100% eBL by 2030

DCSA's Digital Trade Initiative

Achieving universal eBL (a standardised eBL) is a cornerstone of DCSA’s mission to make container shipping services efficient, reliable, easy to use, secure and sustainable.


DCSA collaborates with its ocean carrier members and other industry stakeholders to develop digital standards and drive necessary changes that enable end-to-end digitalisation of the container trade documentation process for all stakeholders. The ultimate aim is paperless international trade, starting with a secure, standardised eBL.

The commitment from DCSA member carriers

To accelerate the growth of digital trade, the CEOs of all DCSA member carriers have signed a commitment to the industry to issue 50% of their bills of lading digitally within 5 years and 100% by 2030. This is a meaningful step towards removing trade friction, improving the customer experience and increasing the sustainability of container shipping.

View the signed statement
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“The digitalisation of international trade holds vast potential for the world economy by reducing friction and, as trade brings prosperity and the eBL will further enable trade, helping bring millions out of poverty. This heralds the start of a new era in container shipping as the industry transitions to scaled automation and fully paperless trade. Document digitalisation has the power to transform international trade and requires collaboration from all stakeholders. I applaud the leadership of our members in coming together to achieve this important milestone.”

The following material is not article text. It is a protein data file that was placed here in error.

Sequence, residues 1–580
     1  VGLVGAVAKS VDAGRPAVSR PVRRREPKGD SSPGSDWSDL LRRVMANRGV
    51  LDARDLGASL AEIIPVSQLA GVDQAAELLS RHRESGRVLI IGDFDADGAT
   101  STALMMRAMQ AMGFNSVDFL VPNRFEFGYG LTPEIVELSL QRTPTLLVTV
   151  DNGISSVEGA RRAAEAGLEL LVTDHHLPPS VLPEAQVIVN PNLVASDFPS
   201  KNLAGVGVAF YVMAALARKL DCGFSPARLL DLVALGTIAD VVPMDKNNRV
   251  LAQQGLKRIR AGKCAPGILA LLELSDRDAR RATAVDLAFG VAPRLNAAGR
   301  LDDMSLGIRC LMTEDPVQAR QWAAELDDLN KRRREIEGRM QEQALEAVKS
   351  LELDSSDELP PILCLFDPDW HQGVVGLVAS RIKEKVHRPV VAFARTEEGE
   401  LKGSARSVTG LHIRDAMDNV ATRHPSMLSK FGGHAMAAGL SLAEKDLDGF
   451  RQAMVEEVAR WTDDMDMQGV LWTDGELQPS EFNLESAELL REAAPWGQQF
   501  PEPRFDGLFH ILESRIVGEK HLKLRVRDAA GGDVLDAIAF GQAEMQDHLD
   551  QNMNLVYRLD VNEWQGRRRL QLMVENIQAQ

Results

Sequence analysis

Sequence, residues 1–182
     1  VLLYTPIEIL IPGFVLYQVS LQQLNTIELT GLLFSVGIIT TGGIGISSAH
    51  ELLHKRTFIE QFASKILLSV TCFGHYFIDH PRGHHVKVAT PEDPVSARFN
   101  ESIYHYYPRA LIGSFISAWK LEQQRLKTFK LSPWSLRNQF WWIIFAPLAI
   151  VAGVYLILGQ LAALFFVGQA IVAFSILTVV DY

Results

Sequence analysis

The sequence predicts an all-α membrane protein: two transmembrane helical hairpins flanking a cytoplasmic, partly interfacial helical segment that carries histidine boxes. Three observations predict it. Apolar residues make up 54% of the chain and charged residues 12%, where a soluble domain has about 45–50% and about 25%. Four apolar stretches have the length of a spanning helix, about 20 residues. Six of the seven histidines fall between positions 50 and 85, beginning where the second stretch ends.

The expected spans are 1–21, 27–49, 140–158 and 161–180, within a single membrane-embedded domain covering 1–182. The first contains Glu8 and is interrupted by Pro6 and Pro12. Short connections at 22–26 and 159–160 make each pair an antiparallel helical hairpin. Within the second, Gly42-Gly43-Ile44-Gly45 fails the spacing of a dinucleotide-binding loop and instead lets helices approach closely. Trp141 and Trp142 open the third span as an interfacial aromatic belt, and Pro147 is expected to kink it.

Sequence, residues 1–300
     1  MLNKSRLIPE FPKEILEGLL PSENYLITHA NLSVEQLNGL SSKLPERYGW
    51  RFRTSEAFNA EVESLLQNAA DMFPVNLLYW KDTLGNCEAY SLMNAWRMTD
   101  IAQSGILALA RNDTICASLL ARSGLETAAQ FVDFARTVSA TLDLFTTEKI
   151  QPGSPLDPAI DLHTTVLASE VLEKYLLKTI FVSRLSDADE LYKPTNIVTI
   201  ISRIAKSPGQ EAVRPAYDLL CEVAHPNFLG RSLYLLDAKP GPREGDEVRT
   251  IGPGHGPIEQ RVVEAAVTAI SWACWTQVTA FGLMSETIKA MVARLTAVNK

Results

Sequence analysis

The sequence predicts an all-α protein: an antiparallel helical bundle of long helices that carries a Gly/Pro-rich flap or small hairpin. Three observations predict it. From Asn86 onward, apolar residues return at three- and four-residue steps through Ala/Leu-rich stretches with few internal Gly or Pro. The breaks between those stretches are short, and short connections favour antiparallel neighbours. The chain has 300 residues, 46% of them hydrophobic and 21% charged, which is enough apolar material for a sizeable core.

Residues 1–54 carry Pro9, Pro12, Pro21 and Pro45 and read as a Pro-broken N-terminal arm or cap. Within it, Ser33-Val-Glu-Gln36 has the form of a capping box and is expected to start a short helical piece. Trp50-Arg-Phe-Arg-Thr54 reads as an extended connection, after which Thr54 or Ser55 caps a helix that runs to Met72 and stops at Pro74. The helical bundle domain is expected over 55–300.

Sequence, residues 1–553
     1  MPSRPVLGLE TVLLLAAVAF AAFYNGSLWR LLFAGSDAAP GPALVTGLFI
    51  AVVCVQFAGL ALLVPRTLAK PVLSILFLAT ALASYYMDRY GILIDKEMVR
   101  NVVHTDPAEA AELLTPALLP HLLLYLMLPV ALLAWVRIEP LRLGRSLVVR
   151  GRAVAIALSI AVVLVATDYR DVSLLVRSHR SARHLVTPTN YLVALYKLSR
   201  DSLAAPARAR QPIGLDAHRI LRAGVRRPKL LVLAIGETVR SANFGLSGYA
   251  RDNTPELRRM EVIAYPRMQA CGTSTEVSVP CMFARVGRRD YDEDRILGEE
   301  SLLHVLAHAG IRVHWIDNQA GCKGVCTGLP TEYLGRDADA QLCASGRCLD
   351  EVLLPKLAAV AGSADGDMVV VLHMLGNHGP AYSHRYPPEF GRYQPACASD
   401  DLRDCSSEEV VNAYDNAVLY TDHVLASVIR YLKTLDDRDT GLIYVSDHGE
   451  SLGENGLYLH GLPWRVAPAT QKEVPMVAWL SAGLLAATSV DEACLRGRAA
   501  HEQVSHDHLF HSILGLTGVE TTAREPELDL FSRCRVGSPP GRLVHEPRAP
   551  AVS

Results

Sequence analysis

— Thomas Bagge, Chief Executive Officer, DCSA
The benefits of 100% eBL adoption

In a recent study, McKinsey estimates that if the electronic bill of lading gains 100% adoption across the industry, it could unlock around $18bn in gains for the trade ecosystem through faster document handling and reduced human error (among other improvements) plus $30-40 bn in global trade growth, as digitalisation reduces trade friction.

View the study
DCSA standards for eBL

Through its Digital Trade initiative, DCSA develops digital standards for the end-to-end trade documentation process. DCSA eBL standards enable straight through processing for each of these steps, with digitised data from each electronic form flowing seamlessly to the next. For example, data from the booking process is used to populate the bill of lading.

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What is the definition of an eBL that carriers are committing to?